An ordered representation of events. A narrative may or may not be strictly chronological.
(Sandford Borins. “Narrative: Why It Matters.”)
The importance of the concept of narrative to politics and public management has become increasingly widely recognized in recent years. The construction of a narrative involves a conscious effort to create an ordered representation of events in the minds of a particular audience.
Narrative plays an important role in several dimensions of political affairs. Political parties, individual politicians and others work hard to develop persuasive narratives which engage an identified audience - often the general public, in order to persuade that audience of their capacity for leadership, or the benefits of their policy proposals.
It is easy to see why narrative plays an important role in political campaigns. Political parties and individual politicians attempt to create a narrative of recent history in the minds of voters which makes it appear proper for particular individuals to ascend to or retain power (Borins). For example, the personal narratives of the two contenders in the 2008 American Presidential election were particularly important dimensions of that campaign. Senator McCain heavily emphasized his own life experience in his campaign, attempting to cause voters to view him as a living embodiment of patriotism and republican self-sacrifice. In particular, the emphasis on Senator McCain’s physical courage and personal heroism during the Vietnam war seems to have been intended to create a narrative in which voters would view him as a strong leader, and a man suited to the harsh and character-testing demands of the Presidency. Similarly, now-President Obama emphasized his own personal narrative, pointing to his experience as a grassroots activist and limited time spent in Washington DC as evidence that he was not part of the bickering and self-interested “political class.”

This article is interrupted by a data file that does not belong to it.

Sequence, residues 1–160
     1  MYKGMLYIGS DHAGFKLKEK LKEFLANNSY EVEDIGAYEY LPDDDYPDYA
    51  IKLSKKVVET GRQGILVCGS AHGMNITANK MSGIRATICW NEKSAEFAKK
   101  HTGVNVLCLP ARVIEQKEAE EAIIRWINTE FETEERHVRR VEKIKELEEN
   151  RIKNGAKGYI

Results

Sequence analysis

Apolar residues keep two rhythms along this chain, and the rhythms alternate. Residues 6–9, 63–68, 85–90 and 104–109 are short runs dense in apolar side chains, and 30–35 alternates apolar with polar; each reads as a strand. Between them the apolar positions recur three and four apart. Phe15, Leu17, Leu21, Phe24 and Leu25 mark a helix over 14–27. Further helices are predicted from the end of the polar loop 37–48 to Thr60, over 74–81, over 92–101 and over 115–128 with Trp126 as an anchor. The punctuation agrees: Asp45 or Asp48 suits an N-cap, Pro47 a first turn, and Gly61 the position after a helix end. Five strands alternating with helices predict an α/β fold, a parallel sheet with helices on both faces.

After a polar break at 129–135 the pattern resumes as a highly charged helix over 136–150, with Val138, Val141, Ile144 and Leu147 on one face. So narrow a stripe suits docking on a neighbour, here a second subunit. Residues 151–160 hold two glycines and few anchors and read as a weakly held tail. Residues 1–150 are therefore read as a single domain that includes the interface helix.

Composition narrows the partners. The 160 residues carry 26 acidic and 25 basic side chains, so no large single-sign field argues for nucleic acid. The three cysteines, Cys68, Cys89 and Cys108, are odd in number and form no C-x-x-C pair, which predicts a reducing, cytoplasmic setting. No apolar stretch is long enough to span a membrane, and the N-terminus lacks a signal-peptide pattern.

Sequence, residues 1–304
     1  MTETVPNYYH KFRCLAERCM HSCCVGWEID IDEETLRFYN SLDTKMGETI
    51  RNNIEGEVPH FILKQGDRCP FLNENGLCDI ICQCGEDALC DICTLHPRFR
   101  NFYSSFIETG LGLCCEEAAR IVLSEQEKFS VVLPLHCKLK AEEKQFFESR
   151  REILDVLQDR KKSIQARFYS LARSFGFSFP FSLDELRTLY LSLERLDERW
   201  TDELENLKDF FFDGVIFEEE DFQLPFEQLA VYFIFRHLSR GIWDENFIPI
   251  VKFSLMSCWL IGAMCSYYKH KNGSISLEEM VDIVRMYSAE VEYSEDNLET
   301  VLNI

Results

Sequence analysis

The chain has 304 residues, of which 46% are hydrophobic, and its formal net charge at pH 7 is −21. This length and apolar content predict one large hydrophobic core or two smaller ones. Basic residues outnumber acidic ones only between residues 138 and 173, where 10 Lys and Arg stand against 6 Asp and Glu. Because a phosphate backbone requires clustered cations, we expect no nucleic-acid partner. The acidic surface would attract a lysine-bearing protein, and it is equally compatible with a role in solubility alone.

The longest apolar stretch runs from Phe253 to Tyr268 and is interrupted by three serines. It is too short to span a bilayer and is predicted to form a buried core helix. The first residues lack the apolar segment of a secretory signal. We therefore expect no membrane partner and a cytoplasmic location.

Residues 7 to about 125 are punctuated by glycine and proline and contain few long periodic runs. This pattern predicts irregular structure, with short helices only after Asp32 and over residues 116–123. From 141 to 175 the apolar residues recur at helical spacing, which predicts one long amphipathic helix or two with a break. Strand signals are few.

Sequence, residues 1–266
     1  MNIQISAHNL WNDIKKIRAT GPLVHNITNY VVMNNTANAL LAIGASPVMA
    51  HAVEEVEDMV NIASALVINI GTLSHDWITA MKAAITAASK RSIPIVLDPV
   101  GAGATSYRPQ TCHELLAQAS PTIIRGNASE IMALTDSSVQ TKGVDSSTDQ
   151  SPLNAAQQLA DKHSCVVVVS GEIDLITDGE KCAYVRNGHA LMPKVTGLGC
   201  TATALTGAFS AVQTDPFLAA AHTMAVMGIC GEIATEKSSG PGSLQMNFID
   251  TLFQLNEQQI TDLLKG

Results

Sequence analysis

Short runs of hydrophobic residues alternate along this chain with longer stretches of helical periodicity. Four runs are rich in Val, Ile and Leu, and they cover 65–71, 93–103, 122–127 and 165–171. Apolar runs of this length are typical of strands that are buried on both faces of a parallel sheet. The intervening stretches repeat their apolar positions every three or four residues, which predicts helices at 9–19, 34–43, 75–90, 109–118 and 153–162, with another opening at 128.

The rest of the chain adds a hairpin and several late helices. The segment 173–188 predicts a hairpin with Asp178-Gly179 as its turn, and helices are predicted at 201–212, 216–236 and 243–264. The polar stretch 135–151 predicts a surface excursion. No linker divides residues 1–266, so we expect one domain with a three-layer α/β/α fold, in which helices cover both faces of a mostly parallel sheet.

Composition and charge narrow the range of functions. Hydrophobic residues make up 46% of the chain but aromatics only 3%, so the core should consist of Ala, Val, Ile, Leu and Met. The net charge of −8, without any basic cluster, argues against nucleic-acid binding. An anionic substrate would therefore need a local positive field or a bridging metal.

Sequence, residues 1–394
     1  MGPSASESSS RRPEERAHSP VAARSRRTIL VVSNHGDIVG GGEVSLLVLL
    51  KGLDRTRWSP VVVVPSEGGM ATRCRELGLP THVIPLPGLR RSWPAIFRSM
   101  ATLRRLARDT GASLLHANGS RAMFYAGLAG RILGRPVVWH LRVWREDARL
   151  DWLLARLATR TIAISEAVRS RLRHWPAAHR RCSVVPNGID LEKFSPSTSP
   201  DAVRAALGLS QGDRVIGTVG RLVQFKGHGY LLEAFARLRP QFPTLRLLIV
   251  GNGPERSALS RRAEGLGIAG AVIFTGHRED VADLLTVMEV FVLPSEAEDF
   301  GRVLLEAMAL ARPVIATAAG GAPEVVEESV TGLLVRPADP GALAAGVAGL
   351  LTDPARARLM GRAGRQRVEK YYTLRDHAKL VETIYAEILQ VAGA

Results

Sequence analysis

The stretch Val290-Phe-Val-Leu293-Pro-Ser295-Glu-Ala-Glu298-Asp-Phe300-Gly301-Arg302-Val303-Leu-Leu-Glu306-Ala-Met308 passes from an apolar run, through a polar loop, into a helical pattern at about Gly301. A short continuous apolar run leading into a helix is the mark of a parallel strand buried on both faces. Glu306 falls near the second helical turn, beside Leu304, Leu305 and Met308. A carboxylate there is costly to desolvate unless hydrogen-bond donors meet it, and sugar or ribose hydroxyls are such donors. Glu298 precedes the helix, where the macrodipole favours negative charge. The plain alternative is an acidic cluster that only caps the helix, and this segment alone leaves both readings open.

In an essay published in Networked Government, Professor Sandford Borins reminds us that, because political campaigns are zero-sum games, the narratives promoted by rival campaigns are necessarily conflicting, which creates a powerful incentive for politicians and their operatives to disrupt and discredit each other’s narratives. Hence, Senator McCain’s efforts to emphasize President Obama’s experience in Chicago’s local “political machine” and President Obama’s attempt to portray McCain as a part of the Washington “establishment,” an image which conflicted with McCain’s populist narrative of himself as a “maverick,” the tireless opponent of that establishment
Although the importance of narrative to political campaigns has long been recognized, Professor Borins writes in Networked Government that narrative plays an important role in the operation of the public sector in a number of other important and less obvious ways. For example, Borins writes that issues surrounding accountability are influenced by narrative. Mistakes are inevitable, and there are usually parties who insist that these mistakes be explained. The explanatory narratives that result in Auditor General reports, public inquiries and other forums are used to “provide sequence and locate agency.” Borins writes that explanatory narratives generally culminate in an attribution of responsibility for the failure in question.
Borins also argues that policy work “always involves a narrative component.” Narratives surround the history of how a particular policy developed, and required departmental plans create “predictive narratives” which describe planned future interactions between departmental commitments and external forces.
Due to the extent to which narratives pervade these various dimensions of the public sector, Borins argues that skill at creating and communicating compelling stories is an important skill for politicians, but also for public servants. Borins suggests that the importance of this skill, which he calls “narrative competence” is often underappreciated, and is “essential” for effective public management. By studying exemplary narratives, and their authors’ strategies of engagement and persuasion, Borins writes that public servants can learn to manage more effectively.
Sandford Borins. "Narrative: Why It Matters." Networked Government. June 2009.